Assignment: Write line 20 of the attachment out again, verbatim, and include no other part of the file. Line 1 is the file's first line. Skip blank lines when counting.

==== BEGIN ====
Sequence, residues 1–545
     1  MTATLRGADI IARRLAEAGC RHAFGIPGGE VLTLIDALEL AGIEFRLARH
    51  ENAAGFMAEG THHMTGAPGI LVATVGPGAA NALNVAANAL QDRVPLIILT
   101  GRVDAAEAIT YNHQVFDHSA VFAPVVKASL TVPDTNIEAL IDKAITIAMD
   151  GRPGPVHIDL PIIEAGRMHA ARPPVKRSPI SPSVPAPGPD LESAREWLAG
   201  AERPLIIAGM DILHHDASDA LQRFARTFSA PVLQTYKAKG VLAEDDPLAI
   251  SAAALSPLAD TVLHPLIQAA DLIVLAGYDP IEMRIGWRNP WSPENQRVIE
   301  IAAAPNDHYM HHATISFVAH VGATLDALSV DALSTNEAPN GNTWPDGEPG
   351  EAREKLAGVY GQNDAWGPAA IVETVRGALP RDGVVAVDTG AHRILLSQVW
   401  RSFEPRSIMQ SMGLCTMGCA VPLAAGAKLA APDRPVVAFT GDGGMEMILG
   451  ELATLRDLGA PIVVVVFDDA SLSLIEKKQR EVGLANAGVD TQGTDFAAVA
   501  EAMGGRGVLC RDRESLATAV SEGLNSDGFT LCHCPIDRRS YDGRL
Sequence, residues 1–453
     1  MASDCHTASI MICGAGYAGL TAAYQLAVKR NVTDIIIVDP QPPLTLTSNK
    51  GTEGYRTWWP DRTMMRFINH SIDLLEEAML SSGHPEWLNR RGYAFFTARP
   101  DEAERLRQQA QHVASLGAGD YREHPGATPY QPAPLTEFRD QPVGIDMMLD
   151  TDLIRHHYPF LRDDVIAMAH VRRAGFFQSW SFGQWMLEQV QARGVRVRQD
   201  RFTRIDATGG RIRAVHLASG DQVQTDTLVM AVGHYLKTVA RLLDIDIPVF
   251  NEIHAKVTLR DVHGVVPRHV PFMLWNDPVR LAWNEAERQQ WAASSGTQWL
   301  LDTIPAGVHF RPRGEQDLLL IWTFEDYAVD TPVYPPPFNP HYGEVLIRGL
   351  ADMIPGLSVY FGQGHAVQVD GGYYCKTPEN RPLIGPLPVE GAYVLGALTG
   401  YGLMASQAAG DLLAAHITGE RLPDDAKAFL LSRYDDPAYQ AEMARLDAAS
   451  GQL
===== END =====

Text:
   301  LDTIPAGVHF RPRGEQDLLL IWTFEDYAVD TPVYPPPFNP HYGEVLIRGL